Grapefruit Juice Used To Squeeze More Out Of Medications

November 19, 1997

ANN ARBOR---Researchers, led by a team from the University of Michigan Medical Center, have isolated a pair of substances in grapefruit juice that cause greater absorption of certain drugs in the human body. The new findings are published in the November issue of the journal Drug Metabolism and Disposition.

Earlier studies found that patients who took certain medications with grapefruit juice absorbed more of the medicine. The key to how grapefruit juice enhances drug absorption lies in the interaction between the grapefruit juice and an enzyme found in the small intestine.

Now, Paul B. Watkins, M.D., director of the U-M General Clinical Research Center, and his colleagues have isolated two substances in grapefruit, called furanocoumarins (few-ran-oh-COO-muh-rinns), that are responsible for the so-called grapefruit effect. Watkins says the two components act like suicide bombers, attaching themselves to the enzyme and destroying its ability to interfere with drug absorption.

The enzyme, known as CYP3A4, normally acts as a sort of gatekeeper against certain types of medication, including those prescribed for high blood pressure, heart disease, allergies, AIDS and organ transplantation. These types of drugs, unlike most medications, are not absorbed efficiently in the intestines because they are largely broken down by CYP3A4 in the intestinal wall. Watkins says people typically have varying levels of the enzyme in their intestines---which appears to explain why some individuals absorb greater amounts of a given medication than others.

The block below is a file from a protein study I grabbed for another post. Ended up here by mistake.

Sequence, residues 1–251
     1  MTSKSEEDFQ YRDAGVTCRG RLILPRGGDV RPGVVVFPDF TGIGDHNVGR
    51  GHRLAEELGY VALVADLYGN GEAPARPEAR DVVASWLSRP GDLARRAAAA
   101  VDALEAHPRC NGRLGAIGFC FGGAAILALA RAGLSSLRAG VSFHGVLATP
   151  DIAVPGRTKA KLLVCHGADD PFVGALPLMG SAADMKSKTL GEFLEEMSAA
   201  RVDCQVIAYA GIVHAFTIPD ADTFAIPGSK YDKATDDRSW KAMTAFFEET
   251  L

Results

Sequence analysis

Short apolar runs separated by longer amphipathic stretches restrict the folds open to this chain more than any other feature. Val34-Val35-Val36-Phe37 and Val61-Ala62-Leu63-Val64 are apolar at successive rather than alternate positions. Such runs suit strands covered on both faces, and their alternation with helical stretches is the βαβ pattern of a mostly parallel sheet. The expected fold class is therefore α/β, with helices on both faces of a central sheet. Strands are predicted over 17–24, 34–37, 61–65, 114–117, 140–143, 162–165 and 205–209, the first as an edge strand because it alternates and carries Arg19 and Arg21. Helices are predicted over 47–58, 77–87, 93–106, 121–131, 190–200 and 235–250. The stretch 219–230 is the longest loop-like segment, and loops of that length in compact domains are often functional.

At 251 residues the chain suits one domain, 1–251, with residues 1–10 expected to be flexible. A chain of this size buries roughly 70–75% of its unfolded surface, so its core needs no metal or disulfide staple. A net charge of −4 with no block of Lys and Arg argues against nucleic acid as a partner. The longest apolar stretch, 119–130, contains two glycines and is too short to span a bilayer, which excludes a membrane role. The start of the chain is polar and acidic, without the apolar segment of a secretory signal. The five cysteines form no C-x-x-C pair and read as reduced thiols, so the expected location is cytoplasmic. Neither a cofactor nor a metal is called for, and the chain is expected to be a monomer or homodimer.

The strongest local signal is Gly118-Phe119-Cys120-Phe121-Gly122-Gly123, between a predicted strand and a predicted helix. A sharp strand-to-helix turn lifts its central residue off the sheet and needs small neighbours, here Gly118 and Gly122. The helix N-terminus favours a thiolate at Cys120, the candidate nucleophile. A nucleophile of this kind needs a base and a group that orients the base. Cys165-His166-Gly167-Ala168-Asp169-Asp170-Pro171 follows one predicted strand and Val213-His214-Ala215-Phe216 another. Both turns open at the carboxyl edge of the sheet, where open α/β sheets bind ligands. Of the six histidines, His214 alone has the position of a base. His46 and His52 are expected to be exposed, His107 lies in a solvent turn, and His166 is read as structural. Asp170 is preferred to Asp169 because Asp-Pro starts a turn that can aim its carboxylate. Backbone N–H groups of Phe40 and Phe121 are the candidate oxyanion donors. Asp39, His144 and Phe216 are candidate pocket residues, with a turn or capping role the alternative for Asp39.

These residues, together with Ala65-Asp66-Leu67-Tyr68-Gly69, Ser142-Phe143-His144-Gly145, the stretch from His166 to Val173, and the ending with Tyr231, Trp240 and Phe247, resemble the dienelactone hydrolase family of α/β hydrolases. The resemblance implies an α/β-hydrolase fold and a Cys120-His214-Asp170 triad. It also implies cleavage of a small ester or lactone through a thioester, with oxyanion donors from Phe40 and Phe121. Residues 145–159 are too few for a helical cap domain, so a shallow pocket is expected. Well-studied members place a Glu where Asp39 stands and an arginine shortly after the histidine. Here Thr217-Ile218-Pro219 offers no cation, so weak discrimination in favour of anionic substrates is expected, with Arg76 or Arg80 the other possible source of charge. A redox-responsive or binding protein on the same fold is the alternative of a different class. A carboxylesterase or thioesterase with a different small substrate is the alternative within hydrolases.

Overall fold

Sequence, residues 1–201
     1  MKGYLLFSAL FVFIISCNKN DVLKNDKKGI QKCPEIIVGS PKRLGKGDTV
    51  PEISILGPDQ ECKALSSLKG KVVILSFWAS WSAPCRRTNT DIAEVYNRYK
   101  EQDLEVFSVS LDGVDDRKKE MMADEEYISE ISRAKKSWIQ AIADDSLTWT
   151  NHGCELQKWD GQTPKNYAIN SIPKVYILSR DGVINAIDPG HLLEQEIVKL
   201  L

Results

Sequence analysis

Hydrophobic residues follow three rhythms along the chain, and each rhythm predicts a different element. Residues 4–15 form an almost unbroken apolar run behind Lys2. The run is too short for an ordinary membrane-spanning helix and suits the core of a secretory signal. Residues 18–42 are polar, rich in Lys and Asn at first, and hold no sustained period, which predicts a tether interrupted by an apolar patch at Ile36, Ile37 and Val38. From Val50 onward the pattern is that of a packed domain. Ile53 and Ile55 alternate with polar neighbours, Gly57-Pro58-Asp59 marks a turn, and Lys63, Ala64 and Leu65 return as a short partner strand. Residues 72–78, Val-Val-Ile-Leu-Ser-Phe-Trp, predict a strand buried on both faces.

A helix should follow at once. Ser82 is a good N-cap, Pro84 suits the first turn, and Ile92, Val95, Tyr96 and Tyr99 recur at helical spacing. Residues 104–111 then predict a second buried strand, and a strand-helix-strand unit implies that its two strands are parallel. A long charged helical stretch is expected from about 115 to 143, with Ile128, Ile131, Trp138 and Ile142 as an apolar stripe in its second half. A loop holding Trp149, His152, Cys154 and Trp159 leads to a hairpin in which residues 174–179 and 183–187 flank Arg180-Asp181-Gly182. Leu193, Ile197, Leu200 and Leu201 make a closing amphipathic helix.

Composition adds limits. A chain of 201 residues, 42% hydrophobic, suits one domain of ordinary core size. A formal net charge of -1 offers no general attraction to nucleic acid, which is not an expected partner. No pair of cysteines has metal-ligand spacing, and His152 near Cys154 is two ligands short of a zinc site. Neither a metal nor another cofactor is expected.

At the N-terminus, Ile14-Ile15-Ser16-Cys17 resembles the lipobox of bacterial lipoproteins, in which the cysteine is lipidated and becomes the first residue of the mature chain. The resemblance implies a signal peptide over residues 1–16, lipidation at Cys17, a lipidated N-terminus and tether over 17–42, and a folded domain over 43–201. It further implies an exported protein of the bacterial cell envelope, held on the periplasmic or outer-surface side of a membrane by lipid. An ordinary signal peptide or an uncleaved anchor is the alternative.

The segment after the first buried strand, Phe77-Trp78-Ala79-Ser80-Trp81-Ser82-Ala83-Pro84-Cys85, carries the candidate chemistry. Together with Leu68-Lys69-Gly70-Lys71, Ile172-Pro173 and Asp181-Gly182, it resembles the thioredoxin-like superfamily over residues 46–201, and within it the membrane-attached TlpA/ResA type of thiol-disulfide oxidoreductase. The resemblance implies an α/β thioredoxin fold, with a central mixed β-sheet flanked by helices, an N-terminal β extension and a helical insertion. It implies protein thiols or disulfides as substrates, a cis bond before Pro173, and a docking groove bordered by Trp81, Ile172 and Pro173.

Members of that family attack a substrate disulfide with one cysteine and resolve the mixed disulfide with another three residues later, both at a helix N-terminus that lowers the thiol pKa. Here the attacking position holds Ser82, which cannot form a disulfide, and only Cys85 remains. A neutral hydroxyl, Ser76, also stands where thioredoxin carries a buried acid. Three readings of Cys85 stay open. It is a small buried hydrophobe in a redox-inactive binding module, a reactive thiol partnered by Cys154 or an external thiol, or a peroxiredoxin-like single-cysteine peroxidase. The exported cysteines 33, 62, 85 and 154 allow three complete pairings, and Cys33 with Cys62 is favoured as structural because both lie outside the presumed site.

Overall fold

Watkins says the two furanocoumarins have different properties. The major active substance in grapefruit juice is called 6',7'-dihydroxybergamottin (DHB) and the researchers named the other ingredient they discovered FC726. Where the two differ is that DHB appears to have multiple effects, while FC726 seems to work specifically on the CYP3A4 enzyme.

Watkins says these findings could have important ramifications for the future of drug-making. Researchers now believe that by adding one of the furanocoumarinscontained in grapefruit to certain oral medications, the reliability and safety of the drugs can be noticeably improved. "This discovery allows for the development of improved oral medications, not just for existing drugs, but more importantly, drugs that would not have made useful oral medications without this prior understanding," Watkins says. "By placing DHB or FC726 directly into a pill, much more of the drug will be absorbed in a reliable manner."

Another interesting finding in the study was that the concentration of the active ingredients varies dramatically among grapefruits and grapefruit juices, even within the same product line. This is most likely because of growing conditions in different regions and because manufacturers typically buy their grapefruits from many areas. "For this reason," Watkins says, "it would be preferable to add the active ingredient to pills, rather than just taking medication with grapefruit products."